Cops take initiative to shun red beacons
Much before the state could frame new rules to abide by the Supreme Court's decision limiting the use of red beacons, cops in Himachal Pradesh have willingly taken off the flashers from the official vehicles, thereby setting an example for many political leaders who unlawfully use them.punjab Updated: Jan 04, 2014 13:30 IST
Much before the state could frame new rules to abide by the Supreme Court's decision limiting the use of red beacons, cops in Himachal Pradesh have willingly taken off the flashers from the official vehicles, thereby setting an example for many political leaders who unlawfully use them.
Inspector general of police (headquarter) AP Siddique was the one who took lead in taking off the red beacon from his official vehicle. As the word spread, other officers also took a cue from him and took off the read flashers atop their vehicles. "We are part of a law enforcing agency.
Since the Supreme Court has already directed to limit the use of red beacons, I thought I should shun them voluntarily," said a senior police official.
The Supreme Court orders directed that states and union territories could not enlarge the scope of high dignitaries beyond the prescribed notifications of January 2002 and July 2005 of the union government. Further, the court had asked the states to amend notifications to bring them in tune with the 1989 rules and notifications of January 2002 and July 2005 within three months.
Till now, more than half a dozen police officers have shunned the red beacons. Those who have done so include, inspector general of police (crime and security) Satwatnt Atwal Trivedi, IGP (law and order) SP Singh, IG (southern range) GD Bhargava, superintendent of police (security) Daljeet Thakur, and second IRB commandant Sakoh Diwakar Sharma.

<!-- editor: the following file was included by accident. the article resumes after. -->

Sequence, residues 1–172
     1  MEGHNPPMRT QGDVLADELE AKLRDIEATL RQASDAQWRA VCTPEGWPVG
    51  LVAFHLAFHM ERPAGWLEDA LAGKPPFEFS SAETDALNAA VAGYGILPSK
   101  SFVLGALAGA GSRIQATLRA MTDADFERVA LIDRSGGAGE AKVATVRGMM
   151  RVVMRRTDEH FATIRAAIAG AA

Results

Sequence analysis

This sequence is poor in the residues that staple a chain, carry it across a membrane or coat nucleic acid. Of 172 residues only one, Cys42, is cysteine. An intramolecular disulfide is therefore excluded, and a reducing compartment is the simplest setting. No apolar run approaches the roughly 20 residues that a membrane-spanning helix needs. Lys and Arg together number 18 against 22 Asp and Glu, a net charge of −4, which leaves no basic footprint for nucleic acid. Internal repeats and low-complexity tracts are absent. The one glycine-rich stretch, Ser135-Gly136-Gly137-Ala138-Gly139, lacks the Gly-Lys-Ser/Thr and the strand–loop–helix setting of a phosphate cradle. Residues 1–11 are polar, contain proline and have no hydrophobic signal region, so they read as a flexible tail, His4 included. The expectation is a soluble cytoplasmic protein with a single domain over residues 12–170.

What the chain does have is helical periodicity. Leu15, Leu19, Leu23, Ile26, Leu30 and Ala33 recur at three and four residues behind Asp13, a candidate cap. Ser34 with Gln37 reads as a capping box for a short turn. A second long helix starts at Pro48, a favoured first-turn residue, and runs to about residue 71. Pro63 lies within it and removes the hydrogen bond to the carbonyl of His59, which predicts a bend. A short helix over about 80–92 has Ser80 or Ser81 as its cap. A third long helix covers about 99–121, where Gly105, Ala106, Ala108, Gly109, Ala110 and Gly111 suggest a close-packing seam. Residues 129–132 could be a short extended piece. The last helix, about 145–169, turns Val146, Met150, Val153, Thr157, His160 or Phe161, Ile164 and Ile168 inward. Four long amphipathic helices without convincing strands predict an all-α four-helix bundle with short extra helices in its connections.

Additional chief secretary (home) P Mitra, who is also officiating chief secretary, neither uses the red beacons nor the flag in his vehicle. Additional chief secretary Deepak Sanan is also said to have stopped putting red flasher atop his vehicle.
In the wake of the Supreme Court's December 10 judgment asking both the central and state governments to limit the use of flashers and red beacons, the state government has initiated framing rules in accordance with the apex courts directions, and has directed the transport department to frame new rules.
Red beacons and use of the triangular plates bearing national emblem mired into controversy after the home department received complaints that one of the chairman with a cabinet rank status used triangular plates in his official vehicle.
Despite repeated circulars to ministers by the department of general administration, chief parliamentary secretaries and chairmen of various boards and corporations, red beacons have been grossly misused even by those who were not even entitled to it. Many chairmen of district-level agriculture produce marketing committees have been using red beacons on their official vehicles.